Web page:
Anyone experiencing a heart attack can experience any of the following symptoms:-
A sensation of uncomfortable pressure, fullness or squeezing pain in the center of the chest
A feeling of light-headedness or tendency to faint from dizziness
Experiencing shortness of breath
A sense of discomfort or pain spreading beyond the breast to the back, shoulders, neck, jaw, teeth, one or both arms and occasionally the upper abdomen.
A heart attack typically causes chest pain for not more than a period of fifteen minutes; however, it can have no symptoms at all. It is vital to be aware of the symptoms other than the chest pain, such as persistent pain in the neck or jaw and indigestion.
Many individuals who experience a heart attack encounter various warning signs hours, days and even weeks in advance.
What to do when you or someone has a heart attack?
Dial 911 or your local emergency number. Under absolute, no circumstances ignore or attempt to tough out the symptoms of a heart attack. If you lack access to emergency medical services, have a friend drive you to the nearest hospital. Drive yourself only as a last resort and realize that is it not safe for you and others on the road as well.
Chew and swallow an aspirin, unless you have been prescribed by the doctor to stay away from it or is allergic to it.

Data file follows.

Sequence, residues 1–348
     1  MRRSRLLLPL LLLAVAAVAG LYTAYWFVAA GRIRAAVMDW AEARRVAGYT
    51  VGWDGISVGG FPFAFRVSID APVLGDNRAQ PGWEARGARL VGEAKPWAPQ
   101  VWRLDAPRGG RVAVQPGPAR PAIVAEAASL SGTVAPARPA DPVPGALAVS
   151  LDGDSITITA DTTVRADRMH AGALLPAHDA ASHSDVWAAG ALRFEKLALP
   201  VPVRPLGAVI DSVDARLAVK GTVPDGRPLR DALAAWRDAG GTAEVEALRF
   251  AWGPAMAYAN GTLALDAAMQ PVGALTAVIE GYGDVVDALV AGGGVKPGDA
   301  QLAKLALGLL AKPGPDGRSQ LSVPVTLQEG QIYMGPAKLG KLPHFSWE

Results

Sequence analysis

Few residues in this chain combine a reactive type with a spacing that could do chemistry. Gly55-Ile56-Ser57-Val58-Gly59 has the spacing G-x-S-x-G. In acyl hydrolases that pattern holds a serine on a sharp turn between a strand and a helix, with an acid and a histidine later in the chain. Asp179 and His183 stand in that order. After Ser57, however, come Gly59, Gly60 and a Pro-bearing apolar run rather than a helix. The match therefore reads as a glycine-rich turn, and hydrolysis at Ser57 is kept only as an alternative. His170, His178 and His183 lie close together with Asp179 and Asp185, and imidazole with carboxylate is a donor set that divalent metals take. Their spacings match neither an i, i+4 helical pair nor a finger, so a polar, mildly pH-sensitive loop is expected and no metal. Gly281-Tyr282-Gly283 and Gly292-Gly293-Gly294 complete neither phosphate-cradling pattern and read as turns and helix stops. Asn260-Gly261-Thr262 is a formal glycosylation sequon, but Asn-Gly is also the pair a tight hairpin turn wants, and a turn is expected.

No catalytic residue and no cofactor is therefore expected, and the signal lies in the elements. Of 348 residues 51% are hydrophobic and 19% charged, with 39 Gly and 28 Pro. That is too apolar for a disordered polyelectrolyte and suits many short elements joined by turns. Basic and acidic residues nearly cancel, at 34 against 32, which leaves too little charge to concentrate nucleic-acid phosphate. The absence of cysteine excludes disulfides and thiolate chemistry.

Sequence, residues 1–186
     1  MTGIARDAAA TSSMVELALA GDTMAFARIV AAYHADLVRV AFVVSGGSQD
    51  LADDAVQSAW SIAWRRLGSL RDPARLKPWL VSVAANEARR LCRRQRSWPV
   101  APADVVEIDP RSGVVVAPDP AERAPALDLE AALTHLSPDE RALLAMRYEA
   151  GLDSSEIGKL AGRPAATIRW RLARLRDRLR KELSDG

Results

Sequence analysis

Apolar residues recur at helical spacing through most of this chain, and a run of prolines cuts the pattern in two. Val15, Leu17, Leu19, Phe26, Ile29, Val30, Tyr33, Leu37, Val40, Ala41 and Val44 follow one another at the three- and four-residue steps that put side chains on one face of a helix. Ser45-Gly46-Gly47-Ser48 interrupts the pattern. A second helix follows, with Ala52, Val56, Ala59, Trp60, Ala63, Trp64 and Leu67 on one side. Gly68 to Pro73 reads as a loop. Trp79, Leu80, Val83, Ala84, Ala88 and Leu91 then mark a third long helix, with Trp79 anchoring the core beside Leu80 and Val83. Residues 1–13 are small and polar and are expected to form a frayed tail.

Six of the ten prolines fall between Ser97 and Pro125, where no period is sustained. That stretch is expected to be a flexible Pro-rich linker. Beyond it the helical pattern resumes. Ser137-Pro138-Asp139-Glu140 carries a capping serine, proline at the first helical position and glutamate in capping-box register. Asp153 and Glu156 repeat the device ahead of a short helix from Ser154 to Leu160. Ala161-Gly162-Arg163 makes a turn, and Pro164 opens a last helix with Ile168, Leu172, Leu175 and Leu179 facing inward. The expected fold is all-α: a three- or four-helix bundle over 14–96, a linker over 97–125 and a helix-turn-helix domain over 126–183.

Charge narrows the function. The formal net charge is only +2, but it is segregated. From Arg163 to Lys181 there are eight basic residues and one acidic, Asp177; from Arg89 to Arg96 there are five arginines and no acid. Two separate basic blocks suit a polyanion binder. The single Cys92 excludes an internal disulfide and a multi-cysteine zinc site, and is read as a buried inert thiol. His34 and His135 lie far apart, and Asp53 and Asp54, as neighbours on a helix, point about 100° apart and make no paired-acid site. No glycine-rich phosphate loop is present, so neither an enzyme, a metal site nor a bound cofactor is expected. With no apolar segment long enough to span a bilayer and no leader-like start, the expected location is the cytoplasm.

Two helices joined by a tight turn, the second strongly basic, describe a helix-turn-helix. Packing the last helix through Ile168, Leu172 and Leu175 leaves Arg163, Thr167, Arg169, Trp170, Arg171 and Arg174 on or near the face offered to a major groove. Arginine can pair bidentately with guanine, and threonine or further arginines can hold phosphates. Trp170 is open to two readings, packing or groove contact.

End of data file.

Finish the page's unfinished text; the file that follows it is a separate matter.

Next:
Take nitroglycerine only when prescribed. If you think you are experiencing a heart attack, take nitroglycerine if it was previously prescribed for you. Do not consume anyone else's nitroglycerine as that could put you in more danger.
Begin CPR if the person becomes unconscious. If you are with a person who has become unconscious, call and tell the 911 dispatcher or any other emergency medical service specialist. You may most probably be advised to begin CPR or cardiopulmonary resuscitation. If you don't know how to perform CPR or haven't been trained adequately, medical experts recommend performing anywhere from 100 to 120 compressions on the chest in a minute. The dispatcher can guide and instruct you in the proper procedures till help arrives.
When an AED or automated external defibrillator is available near you immediately when the person falls unconscious, follow the instructions printed on the device and use it.
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